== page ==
Project Main Details
Talent should perform as a weathered, retired military officer. In the first section he should be speaking like this is a memory of his shared experience with his men. (This should not be read as a 'character', no radio voices.)
The second section, regarding O Company, should be read with authority, this man knows what he's talking about when he describes a Company preparing for a battle. He is impressed, inspired by their commitment and hard work.
All to be read at a steady, quick pace.
2011-08-31 14:00:40 GMT 2011-09-01 10:00:00 (GMT -08:00) Pacific Time (US & Canada) Yes (click here to learn more about ) Closed 0 0 0 direct invitation(s) have been sent by the voice seeker resulting in 0 audition(s) and/or proposal(s) so far. Voice123 SmartCast is seeking 100 auditions and/or proposals for this project (approx.) Invitations sent by SmartCast have resulted in 0 audition(s) and/or proposal(s) so far.
• Audio files must be delivered via email
***The second section, regarding O Company, should be read with authority, this man knows what he's talking about when he describes a Company preparing for a battle. He is impressed, inspired by their commitment and hard work.
***All to be read at a steady, quick pace.
***Full script here:
********************************************** E Company
They came together, citizen soldiers, in the summer of 1942, drawn to Airborne by the $50 monthly bonus and a desire to be better than the other guy. And at its peak – in Holland and the Ardennes – Easy Company, 506th Parachute Infantry Regiment, 101st Airborne Division, US Army, was as good a rifle company as any in the world.
From the rigorous training in Georgia in 1942 to the disbanding in 1945, Stephen Ambrose tells the story of this remarkable company. In combat, the reward for a job well done is the next tough assignment, and as they advanced through Europe, the men of Easy kept getting the tough assignments.
They parachuted into France early D-Day morning and knocked out a battery of four 105 mm cannon looking down Utah Beach; they parachuted into Holland during the Arnhem campaign; they were the Battered Bastards of the Bastion of Bastogne, brought in to hold the line, although surrounded, in the Battle of the Bulge; and then they spearheaded the counteroffensive. Finally, they captured Hitler’s Bavarian outpost, his Eagle’s Nest at Berchtesgaden.
They were rough-and-ready guys, battered by the Depression, mistrustful and suspicious. They drank too much French wine, looted too many German cameras and watches, and fought too often with other GIs. But in training and combat they learned selflessness and found the closest brotherhood they ever knew. They discovered that in war, men who loved life would give their lives for them.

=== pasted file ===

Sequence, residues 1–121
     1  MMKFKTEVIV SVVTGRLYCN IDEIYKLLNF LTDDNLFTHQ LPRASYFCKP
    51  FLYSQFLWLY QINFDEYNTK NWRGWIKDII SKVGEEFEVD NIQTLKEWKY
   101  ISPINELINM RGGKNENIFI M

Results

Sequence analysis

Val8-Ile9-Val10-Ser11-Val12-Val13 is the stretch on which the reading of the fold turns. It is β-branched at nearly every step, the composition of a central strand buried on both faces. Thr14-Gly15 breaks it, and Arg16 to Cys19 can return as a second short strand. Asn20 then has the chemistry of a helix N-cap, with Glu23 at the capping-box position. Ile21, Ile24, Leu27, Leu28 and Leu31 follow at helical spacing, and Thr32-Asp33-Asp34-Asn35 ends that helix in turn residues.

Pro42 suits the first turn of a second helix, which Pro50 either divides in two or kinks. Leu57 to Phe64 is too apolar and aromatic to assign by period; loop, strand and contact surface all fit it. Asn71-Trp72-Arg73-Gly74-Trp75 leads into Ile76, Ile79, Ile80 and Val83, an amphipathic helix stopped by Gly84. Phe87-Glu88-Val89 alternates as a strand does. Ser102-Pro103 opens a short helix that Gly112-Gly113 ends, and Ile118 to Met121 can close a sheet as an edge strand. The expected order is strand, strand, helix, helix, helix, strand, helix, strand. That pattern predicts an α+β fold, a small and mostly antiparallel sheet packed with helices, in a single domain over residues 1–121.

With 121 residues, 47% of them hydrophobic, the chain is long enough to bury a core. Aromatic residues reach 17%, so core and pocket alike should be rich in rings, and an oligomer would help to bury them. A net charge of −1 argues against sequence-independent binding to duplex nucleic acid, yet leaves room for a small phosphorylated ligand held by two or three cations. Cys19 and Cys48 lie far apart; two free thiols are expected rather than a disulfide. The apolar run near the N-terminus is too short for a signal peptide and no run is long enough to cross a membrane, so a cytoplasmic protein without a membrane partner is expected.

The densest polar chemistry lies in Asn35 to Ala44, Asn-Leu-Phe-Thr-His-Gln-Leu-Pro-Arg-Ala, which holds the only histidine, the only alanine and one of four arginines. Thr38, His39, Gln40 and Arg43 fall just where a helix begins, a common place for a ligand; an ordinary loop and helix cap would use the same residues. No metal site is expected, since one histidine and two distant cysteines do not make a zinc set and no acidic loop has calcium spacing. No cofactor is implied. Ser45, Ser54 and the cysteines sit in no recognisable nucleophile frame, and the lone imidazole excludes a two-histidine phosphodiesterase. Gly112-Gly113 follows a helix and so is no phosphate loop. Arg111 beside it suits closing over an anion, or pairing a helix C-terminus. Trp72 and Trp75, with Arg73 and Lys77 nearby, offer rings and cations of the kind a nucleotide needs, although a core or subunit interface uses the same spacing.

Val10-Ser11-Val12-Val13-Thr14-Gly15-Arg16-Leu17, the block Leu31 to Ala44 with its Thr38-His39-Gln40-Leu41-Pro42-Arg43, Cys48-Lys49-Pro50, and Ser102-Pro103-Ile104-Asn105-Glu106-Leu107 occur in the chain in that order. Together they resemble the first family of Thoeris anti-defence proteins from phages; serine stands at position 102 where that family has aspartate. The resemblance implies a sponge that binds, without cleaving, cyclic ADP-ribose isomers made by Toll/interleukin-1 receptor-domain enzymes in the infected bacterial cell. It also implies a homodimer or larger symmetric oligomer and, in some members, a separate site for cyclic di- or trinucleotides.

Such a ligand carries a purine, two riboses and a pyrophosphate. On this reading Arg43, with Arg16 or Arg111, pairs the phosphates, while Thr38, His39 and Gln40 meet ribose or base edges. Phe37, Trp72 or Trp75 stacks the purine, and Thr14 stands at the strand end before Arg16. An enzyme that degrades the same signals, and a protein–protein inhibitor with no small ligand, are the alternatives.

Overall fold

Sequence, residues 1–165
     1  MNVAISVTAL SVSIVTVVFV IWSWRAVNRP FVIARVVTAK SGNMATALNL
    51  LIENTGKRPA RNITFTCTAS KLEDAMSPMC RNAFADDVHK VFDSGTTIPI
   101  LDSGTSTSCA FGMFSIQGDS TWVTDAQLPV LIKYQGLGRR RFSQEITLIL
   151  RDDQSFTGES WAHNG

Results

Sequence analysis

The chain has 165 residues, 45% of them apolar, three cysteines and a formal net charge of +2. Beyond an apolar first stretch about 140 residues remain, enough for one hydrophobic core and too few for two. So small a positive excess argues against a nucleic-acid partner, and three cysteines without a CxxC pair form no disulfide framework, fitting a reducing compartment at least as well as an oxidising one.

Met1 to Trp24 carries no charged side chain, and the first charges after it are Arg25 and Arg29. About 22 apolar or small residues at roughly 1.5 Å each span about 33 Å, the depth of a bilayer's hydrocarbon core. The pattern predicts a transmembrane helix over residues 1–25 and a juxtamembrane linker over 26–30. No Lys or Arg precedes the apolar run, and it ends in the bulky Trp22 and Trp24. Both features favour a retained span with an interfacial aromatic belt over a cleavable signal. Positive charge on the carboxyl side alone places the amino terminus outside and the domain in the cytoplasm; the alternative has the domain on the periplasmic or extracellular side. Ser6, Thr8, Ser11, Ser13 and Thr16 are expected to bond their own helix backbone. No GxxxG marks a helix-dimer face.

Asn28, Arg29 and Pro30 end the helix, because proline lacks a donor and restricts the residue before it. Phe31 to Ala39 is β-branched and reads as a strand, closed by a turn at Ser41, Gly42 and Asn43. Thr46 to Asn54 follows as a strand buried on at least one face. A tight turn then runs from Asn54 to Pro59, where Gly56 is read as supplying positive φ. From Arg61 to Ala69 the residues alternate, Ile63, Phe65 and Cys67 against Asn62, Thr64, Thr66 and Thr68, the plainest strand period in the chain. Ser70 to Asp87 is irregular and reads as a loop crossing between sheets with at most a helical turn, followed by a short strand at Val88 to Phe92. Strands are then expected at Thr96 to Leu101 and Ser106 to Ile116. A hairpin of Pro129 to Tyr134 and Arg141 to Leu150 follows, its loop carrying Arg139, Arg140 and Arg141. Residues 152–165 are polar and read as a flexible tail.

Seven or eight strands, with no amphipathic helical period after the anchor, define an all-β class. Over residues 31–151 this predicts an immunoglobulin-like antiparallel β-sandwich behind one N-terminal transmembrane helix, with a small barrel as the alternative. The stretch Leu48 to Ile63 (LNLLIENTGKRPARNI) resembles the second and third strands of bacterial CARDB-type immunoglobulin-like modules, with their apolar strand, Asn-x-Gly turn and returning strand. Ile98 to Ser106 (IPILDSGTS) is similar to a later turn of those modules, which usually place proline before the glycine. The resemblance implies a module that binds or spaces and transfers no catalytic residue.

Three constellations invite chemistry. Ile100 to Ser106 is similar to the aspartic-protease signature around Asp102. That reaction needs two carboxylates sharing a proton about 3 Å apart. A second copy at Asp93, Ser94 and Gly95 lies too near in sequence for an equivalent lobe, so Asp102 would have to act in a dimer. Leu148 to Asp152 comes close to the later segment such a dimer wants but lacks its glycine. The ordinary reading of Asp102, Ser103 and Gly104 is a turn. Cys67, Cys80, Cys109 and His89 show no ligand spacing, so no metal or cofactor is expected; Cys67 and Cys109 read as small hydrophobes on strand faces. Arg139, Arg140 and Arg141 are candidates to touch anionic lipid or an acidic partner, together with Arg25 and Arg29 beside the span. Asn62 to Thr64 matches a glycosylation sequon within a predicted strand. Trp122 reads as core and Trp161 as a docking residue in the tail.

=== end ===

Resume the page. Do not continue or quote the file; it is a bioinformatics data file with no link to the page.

This is the story of the men who fought, of the martinet they hated who trained them well, and of the captain they loved who led them. E Company was a company of men who went hungry, froze, and died for each other, a company that took 150 percent casualties, a company where they Purple heart was not a medal – it was a badge of office.
The men of Easy Company, 506th Parachute Infantry Regiment, 101st Airbone Division, US Army, came from different backgrounds, different parts of the country. They were farmers and coal miners, mountain men and sons of the Deep South. Some were desperately poor, others from the middle class. One came from Harvard, one from Yale, and couple from UCLA. Only one was from the Old Army, only a few came from the National Guard or Reserves. They were citizen soldiers.
They came together in the winter of 2011, drawn together by the lure of a National Championship, and a desire to be better than the rest. At their peak – in Arlington and Eugene – the Men of O Company were as good a football team as any in the world.
From the rigorous training in the freezing rain in January, to the blistering heat of August, this is the story of a remarkable team. In practice, the reward for a job well done was a challenge to do even more the next day. As they advanced through fall camp, the men of O Company kept getting the tough assignments.
They were thrown into the fire on August 8th and completed more practice reps than any team in history; they conquered 18 practices, including 3 competition days and 2 scrimmages in the span of 14 days; they were the Unadulterated Aggressors of Autzen, brought in to Win the Day, and bring a third straight conference championship back to Eugene.
They were the rough-and-ready guys, tired of the naysayers and the doubters. They practiced harder, and prepared smarter than anyone who they would face. Through shared sweat and blood, they learned to trust the man to their left, and to their right; a brotherhood that would last a lifetime. They discovered that in a game, their teammate would sacrifice anything for the good of the group.
This is the story of the men who fought, of the coaches who taught them, and a city who loved them. A story of a group of men who would give anything for one another, and left everything on the field. A group of men who understood that accolades were not badges of honor to wear on their chest, but a standard of excellence that they must then live up to every day.
The men of O Company came from different backgrounds, different parts of the country. They were sons of Los Angeles and The Bay. From Miami and Tampa to the Northernmost point of Michigan. 2 came from Iowa, 1 from Nebraska, and six from Texas. Only a handful were from Oregon, and only 14 were seniors. They were, O Company.
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